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When an atom “lases” it always gives up its energy in the same direction and phase as the incoming light. Why does this happen? How can this be explained? How does the photon generated because of stimulated emission, know which direction to take? What are the factors leading to this?

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This is a strong thing to say without any reference or any additional context. Could you clarify this part of your question: When an atom “lases” it always gives up its energy in the same direction and phase as the incoming light? – seb May 24 '13 at 7:11
during the lasing action...that is when the stimulated emission takes place and the released photon comes out...why does it go in same phase and direction. – Nix May 24 '13 at 8:33
up vote 9 down vote accepted

The word "stimulated" means that the emission of the photon is "encouraged" by the existence of photons in the same state as the state where the new photon may be added. The "same state" is one that has the same frequency, the same polarization, and the same direction of motion. Such a one-photon state may be described by the wave vector and the polarization vector, e.g. $|\vec k,\lambda\rangle$.

The physical reason why photons like to be emitted in the very same state as other photons is that they are bosons obeying the Bose-Einstein statistics. The probability amplitude for a new, $(N-1)$-st photon to be added into a one-photon state which already has $N$ photons in it is proportional to the matrix element of the raising operator $$ \langle N+1| a^\dagger|N\rangle = \sqrt{N+1}$$ of the harmonic oscillator between the $N$ times and $(N+1)$ times excited levels. Because the probability amplitude scales like $\sqrt{N+1}$, the probability for the photon to be emitted into the state goes like the squared amplitude i.e. as $N+1$. Recall that $N$ is the number of photons that were already in that state.

This coefficient $N+1$ may be divided to $1$ plus $N$. The term $1$ describes the probability of a spontaneous emission – that occurs even if no other photons were present in the state to start with – while the term $N$ is the stimulated emission whose probabilities scales with the number of photons that are already present.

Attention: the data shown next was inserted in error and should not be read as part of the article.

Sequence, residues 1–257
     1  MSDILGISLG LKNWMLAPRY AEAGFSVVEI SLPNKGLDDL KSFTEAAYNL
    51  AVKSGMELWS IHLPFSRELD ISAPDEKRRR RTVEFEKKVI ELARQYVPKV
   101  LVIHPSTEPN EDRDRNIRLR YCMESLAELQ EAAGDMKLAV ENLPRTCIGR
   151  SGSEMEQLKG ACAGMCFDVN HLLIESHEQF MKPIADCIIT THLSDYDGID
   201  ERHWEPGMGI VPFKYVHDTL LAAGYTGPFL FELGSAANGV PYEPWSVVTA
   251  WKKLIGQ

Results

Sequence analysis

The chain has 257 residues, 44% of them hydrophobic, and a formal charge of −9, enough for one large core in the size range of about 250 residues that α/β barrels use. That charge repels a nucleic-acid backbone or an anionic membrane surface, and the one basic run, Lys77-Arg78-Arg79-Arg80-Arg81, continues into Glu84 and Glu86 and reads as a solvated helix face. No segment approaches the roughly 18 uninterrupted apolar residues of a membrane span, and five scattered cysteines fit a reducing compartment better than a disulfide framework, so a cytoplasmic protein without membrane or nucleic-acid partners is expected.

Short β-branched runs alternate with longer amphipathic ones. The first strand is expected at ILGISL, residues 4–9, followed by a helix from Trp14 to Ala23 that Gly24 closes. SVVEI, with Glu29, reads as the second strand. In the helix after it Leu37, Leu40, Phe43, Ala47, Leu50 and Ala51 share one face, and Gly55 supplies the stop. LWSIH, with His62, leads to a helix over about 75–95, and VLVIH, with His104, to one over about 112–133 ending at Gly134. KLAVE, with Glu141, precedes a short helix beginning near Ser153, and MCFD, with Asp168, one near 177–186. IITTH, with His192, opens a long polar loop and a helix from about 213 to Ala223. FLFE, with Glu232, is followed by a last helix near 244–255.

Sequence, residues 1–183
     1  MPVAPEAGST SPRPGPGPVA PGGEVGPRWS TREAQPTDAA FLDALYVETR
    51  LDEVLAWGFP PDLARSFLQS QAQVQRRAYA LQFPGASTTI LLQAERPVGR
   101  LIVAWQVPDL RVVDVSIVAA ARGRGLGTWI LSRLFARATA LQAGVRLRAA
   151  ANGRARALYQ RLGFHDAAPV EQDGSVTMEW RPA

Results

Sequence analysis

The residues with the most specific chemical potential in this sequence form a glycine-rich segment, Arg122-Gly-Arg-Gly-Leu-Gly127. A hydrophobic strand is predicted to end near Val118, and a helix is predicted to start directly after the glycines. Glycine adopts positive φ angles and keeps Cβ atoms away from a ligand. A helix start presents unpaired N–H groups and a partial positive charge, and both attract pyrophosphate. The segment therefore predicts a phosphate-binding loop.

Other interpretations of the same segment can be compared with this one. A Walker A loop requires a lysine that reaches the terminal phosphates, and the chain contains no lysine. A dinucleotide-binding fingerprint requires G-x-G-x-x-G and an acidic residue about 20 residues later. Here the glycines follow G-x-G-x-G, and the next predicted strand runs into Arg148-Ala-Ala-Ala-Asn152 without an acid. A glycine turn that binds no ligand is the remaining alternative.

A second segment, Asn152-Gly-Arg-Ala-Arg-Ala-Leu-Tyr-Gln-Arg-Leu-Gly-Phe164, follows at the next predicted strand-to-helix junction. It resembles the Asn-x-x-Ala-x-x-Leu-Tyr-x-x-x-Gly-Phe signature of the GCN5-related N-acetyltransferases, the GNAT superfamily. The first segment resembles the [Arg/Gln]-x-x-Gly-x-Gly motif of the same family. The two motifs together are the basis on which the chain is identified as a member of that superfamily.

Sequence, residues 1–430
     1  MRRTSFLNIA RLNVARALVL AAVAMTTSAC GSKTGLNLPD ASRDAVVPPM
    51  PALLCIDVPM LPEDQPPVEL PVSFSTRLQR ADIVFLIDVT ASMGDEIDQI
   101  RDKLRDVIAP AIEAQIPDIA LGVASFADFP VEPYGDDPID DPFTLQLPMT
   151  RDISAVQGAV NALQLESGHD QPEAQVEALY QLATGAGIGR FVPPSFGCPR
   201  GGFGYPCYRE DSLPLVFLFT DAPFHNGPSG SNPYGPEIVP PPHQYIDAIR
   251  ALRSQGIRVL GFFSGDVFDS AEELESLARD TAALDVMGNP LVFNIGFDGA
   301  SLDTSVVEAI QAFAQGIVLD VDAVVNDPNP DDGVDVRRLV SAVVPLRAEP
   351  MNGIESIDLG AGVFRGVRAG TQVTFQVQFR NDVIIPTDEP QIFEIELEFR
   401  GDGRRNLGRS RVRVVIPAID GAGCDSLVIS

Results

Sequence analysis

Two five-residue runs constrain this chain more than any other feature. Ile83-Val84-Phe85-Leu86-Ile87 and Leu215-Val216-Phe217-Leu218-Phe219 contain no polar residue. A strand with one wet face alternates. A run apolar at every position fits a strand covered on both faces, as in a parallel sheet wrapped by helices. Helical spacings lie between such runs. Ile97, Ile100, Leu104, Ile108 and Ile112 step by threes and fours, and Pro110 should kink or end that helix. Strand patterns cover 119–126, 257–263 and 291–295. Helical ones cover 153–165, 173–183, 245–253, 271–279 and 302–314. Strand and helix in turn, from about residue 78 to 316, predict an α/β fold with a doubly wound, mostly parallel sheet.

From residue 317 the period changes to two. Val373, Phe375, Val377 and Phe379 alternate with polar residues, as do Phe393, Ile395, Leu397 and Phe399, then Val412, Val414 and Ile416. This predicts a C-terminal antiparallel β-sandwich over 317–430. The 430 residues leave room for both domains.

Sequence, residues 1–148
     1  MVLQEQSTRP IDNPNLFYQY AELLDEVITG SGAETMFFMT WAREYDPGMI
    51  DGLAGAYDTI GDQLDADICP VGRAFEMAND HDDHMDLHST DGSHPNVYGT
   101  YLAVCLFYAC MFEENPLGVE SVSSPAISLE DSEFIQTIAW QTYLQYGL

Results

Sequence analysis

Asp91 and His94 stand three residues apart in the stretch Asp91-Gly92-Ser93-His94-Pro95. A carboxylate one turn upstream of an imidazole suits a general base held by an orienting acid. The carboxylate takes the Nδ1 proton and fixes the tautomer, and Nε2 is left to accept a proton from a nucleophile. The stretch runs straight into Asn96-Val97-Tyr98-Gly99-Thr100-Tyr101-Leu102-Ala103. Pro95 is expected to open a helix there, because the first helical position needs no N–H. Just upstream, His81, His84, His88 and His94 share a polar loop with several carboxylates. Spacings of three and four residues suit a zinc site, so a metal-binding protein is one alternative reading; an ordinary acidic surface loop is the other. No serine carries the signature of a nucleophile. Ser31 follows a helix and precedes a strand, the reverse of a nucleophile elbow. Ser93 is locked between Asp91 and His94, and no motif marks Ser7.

But in all cases, we must talk about "exactly the same one-photon state" which also means that the direction of the motion is the same. It's because quantum field theory associates one quantum harmonic oscillator with each state i.e. with each information $\vec k$ about the direction of motion and wavelength; combined with a binary information about $\lambda$, the polarization (e.g.left-handed vs right-handed).

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thanks...very helpful :) – Nix May 24 '13 at 8:30
"The word "stimulated" means that the emission of the photon is "encouraged" by the existence of photons in the same state as the state where the new photon may be added" The word stimulated means you are making it happen by stimulating it. So when u say the emission is "encouraged" by the existence of photons i agree with you.Why do u say the new photon will be added in the same state? Just because they are bosons and so tend to be in same state? – Nix May 25 '13 at 5:34
@Luboš, if I understand your point, the reason why the two photons are colinear is statistics. You need many photons to have a large probability of the same state. However, the photons should be emitted in the same direction even if there is only 1 atom and 1 photon. How do Bose statistics work for only 1 photon? – fffred May 25 '13 at 8:04

I think it's deeply related to the fact that photons are bosons, ergo they follow the Bose-Einstein Statistics, or in this case they make a Bose-Einstein Condensate.

If you are not familiar with this exciting concept, I suggest you make a look at this Wikipedia article or any other statistical mechanics textbook you have around. Anyway, the two photons making a Bose-Einstein Condensate means that the two photons will have the same phase(and obviously wavelength) and will occupy the same point in space all the time.

Hope this was helpful.

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thank u..since i have done introductory BE statistics, i can understand ur answer. – Nix May 24 '13 at 8:32
So let me see if i get this are saying when the photon comes out after stimulated emission, it "somehow" knows the incoming photon is in some particular dynamic state, and so it chooses to be in that dynamic state? I am not asking about the statistics or probability or anything-just that why do bosons(photons in this case) behave like this? – Nix May 25 '13 at 5:44
Particles usually know things which you do not expect! Although, this is not the answer of your question, but this brilliant series from Feynman might shed some light on it: QED – Ali May 25 '13 at 7:30
well yeah...i know that bit"particles knowing things". Was looking for perhaps something that i could..well...digest! – Nix May 25 '13 at 8:23

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